Oracle Ventures Into Web 2.0 Universe With On Demand v15

There’s more behind Oracle’s decision toprebrief bloggers on its latest product release than a sense that the time is ripe.

With the launch of On Demand, version 15, the company is introducing robust new Web 2.0 functionality — and it’s sending a strong signal that more of this type of application development is on the horizon.

Oracle’s message is that Web 2.0 is now part of the CRM family, Beagle Research founder Denis Pombriant told CRM Buyer. “You talk to [Oracle executive Anthony Lye] and you get a sense he is all over Web 2.0 and social networking and what it means for the CRM industry.”

To be sure, the industry has been talking about Web 2.0 for some time, Pombriant continued, but a lot of companies have done little more than talk.

Pieces of the Whole

The main value-add the new release offers is the ability to use pieces — or portlets — of the Oracle CRM app on a variety of media.

For instance, users can take Oracle CRM On Demand objects — top accounts or contacts or sales leads — and embed them as gadgets on iGoogle or MyYahoo or on their BlackBerry devices. They can also add relevant content from other applications such as MySpace and RSS (really simple syndication) feeds.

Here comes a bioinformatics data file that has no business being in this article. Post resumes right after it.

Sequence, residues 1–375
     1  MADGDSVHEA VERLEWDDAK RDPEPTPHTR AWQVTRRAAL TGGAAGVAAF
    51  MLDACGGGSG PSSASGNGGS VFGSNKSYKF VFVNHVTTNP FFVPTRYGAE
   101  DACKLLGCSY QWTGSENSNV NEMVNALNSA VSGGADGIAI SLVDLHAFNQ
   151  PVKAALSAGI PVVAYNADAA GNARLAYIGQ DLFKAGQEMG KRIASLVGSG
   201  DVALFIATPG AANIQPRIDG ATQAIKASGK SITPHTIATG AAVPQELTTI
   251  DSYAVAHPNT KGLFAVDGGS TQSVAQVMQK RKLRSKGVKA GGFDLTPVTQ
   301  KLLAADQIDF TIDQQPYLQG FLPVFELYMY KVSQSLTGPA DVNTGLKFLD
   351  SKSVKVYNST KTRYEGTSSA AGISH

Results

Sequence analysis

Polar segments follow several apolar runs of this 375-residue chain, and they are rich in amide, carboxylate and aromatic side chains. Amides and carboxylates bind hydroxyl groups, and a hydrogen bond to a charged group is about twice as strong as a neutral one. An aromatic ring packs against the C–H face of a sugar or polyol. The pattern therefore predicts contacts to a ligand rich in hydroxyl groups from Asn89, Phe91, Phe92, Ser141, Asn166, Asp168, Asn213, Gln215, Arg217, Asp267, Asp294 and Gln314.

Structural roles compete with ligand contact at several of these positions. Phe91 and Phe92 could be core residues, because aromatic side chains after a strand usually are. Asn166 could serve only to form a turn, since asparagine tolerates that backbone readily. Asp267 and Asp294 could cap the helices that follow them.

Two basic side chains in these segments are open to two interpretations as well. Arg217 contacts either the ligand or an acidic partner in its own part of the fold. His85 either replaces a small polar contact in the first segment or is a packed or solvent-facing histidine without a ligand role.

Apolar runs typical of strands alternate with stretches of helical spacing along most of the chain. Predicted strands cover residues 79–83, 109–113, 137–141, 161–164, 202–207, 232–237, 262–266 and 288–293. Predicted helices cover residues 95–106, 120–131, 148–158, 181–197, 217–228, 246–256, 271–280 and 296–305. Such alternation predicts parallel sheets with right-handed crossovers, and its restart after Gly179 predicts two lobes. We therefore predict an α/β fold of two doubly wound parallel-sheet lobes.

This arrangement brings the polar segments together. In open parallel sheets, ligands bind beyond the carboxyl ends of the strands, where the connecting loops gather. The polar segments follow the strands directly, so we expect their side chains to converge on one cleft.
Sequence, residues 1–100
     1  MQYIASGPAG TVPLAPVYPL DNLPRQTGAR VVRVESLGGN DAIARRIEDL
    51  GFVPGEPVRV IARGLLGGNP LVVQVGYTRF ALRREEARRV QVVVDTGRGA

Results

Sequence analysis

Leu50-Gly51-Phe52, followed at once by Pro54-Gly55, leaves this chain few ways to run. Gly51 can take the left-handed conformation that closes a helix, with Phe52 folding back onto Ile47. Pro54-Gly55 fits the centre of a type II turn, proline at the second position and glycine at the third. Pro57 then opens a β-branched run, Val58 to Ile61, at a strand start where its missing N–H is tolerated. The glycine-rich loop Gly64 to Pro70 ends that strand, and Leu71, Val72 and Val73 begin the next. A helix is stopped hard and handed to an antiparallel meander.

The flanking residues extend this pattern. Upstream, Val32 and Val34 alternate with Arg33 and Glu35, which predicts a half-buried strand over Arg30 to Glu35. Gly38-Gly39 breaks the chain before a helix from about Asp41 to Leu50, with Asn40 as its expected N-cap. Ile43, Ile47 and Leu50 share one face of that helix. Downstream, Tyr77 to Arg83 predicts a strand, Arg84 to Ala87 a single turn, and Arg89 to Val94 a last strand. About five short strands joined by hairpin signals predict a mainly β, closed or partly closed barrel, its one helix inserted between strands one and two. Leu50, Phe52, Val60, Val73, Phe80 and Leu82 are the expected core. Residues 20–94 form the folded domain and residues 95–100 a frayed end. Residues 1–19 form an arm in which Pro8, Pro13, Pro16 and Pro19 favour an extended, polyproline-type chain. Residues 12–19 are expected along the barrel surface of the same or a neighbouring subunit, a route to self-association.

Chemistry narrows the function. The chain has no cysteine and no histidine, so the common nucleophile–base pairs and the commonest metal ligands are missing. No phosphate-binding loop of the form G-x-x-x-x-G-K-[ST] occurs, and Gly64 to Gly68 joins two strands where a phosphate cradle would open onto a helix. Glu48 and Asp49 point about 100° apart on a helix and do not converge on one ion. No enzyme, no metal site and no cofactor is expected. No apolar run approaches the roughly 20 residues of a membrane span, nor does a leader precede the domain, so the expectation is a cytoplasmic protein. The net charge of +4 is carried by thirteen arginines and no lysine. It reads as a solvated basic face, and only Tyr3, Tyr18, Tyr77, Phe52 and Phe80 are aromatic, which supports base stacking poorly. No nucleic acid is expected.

“We are not just throwing data around without security precautions,” said Lye, who is senior vice president of Oracle CRM On Demand. “Only people with authenticated accounts can access these portlets” — even when they’re embedded on an open iGoogle page.

Oracle has also incorporated a social networking-type function called “sticky notes,” which provides a forum for back-and-forth posting through a home page without having to navigate to specific records. For example, colleagues can create a social network through sticky notes associated with a specific opportunity.

“We wanted On Demand to be connected to news and networks on the Internet,” Lye elaborated. “So we built connectivity to Reuters news and provided connectivity to social networking sites via an [application programming interface] we built using the OpenSocial API from Google.”

This means a salesperson can link a relationship it might have on LinkedIn or MySpace — or any of the 3,000 other sites that the API covers, save Facebook — and be updated on the portlet every time a change is made to the profile.

New Mobile Sales

Oracle has also released Oracle Mobile Sales Assistant, a new mobile sales application that uses Web services to connect to On Demand.

Oracle Mobile Sales Assistant is designed to facilitate collaboration and ease the performance of frequent routine tasks while on the road. It includes features for managing appointments and collaborating with sales team members, along with automated prompts for follow-up.

Users can view account information and customer contact information, and place calls, e-mail, or text message through the application. They can also get driving directions via PIM (personal information management) and Web integration.

Oracle Mobile Sales Assistant supports the BlackBerry smartphone from Research In Motion, and is available for Oracle CRM On Demand customers for US$30 per user per month.

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